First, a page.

The History of Brockencote Hall
Brockencote Hall has stood majestically amid the estate grounds for many years and boasts a very rich
and colourful history. Brockencote is easily recognisable as a gracious Victorian home, despite many
alterations and additions. Brockencote Hall has seen many custodians, and still maintains a certain
elegance, particularly in our grand entrance hall and panelled library.
Brockencote Hall sits amid 70 acres of landscaped gardens, woodland and pastures. The land in which
Brockencote sits upon once belonged to the ancient manor of Chaddesley, the exact history of which
is somewhat of a mystery. One particular pasture in the grounds of our 70 acre estate, known locally as
"bumpy meadow", is one of the most intriguing archaeological sites in the local area. The name "bumpy
meadow" refers to the uneven ground which makes up the surface of the meadow. The uneven surface is
said to have been caused by a series of small of dried out fishponds, dating back to the twelfth
century. The network of fishponds, and other associated earthworks, forms part of a system which is not
Evidence suggests that, in addition to the fishponds, a watermill also stood on this site. It is highly likely
that the missing manor house of Chaddesley, abandoned in 1578, also stood within the Brockencote Hall
estate. Until about 1820, the main road from Kidderminster to Bromsgrove passed through our grounds,
crossing and running alongside the Hockley Brook.
The Doomsday Book mentions the village of Chaddesley Corbett and refers to three mills which operated
within the village. It is highly likely that one of the mills referred to in the Doomsday Book once stood on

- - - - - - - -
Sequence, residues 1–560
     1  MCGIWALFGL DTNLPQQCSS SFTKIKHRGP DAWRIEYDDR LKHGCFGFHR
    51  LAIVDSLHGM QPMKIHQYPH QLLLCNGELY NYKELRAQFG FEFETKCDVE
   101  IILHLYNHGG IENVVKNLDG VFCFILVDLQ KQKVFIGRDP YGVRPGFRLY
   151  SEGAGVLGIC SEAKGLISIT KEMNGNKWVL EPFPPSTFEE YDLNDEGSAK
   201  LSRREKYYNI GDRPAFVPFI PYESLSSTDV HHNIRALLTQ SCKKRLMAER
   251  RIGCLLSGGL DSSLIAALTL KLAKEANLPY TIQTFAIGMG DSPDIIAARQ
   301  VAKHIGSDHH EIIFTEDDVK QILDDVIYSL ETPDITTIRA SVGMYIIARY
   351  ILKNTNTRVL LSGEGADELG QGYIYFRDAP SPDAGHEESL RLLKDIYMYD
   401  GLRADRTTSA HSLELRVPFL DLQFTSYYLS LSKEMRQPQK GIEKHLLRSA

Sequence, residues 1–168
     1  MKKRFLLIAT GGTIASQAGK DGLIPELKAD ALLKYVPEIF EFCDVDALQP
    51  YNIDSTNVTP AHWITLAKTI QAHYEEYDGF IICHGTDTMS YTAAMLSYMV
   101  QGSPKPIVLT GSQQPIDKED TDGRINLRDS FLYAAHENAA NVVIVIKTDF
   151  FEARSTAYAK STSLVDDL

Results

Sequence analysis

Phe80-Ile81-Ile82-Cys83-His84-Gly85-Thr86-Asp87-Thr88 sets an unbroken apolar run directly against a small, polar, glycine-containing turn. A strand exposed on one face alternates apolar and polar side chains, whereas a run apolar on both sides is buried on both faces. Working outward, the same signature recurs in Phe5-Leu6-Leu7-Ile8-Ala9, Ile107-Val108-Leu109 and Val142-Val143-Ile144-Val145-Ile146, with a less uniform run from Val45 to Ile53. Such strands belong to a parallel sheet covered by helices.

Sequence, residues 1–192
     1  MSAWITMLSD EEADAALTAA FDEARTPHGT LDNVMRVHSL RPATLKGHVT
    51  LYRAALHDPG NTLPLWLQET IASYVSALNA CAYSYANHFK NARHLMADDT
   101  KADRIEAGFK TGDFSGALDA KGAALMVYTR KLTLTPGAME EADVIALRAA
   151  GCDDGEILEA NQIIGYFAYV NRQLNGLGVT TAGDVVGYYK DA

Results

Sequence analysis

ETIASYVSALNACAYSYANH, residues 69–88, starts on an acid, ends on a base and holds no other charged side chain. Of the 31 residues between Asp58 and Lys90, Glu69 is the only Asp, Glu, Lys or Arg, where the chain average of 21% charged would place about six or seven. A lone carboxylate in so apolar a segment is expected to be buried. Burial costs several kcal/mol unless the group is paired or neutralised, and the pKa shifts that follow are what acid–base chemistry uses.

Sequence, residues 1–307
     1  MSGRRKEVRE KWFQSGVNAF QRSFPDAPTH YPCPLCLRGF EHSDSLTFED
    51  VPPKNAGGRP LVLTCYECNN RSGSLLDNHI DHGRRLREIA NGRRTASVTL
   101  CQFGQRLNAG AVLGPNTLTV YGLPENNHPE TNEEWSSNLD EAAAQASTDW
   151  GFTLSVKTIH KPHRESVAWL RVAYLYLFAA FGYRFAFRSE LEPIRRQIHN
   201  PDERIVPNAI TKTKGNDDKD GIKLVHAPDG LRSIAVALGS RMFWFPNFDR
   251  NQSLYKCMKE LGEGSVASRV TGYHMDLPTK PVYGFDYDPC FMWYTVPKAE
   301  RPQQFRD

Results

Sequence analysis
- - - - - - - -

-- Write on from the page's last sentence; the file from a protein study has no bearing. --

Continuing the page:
the grounds of Brockencote Hall. There is evidence that a Richard Millward was working here as a miller in
1397, just a short time after the Doomsday Book was created by order of King William the Conqueror.
The Taylor family, landowners of the Brockencote Estate towards the end of the sixteenth century, lived
in a large half-timbered house on the present site. The Taylor family later built a fine "William & Mary"
style house. We know the names of most of the families that lived in this house, but very little else. The
"William & Mary" style house boasted three living rooms, a kitchen, dairy, cheese-room and six bed
chambers, all well-appointed and comfortably furnished. John Taylor passed away in 1680. A great deal
can be learnt from Taylors will. The will and inventory list twenty "Hogshead" stored in the cellar,
approximately 1000 gallons of wine and beer. The cellars are still used today.
In 1880, Kidderminster carpet tycoon, Mr. Henry Willis purchased the Brockencote Estate and embarked
on the huge task of building the hall on the former site of the ancient house. Mr. Willis was a well-known
and well-respected townsman and was regarded as a model employer. The new hall boasted immense
reception rooms, thirteen bedrooms and dressing rooms, a billiard room, a library, an eighty-foot tower
with a smoking room, stabling for nine horses, housing for six carriages, a complete model farm with a
nine-acre orchard and a well-stocked lake.
In 1880 Mr. Willis became mayor of the borough and contested the West Worcestershire seat in the
General Election. Willis became a patron of the arts and established a fine collection here at
Brockencote. The success of the 1882 Worcester Exhibition owed much to his organising skills and the
loan of pictures and fine Brussels carpets. In 1897, Willis began to suffer financial difficulties and
Brockencote Hall was sold at auction.
In the early 1920s, Brockencote Hall was purchased by the Palethorpe family. Earnest Palethope, a
well-known producer of branded sausages and father of the famous Olympic equestrian Dawn
Palethorpe, also owned Stone Manor, just a short distance away from Brockencote Hall.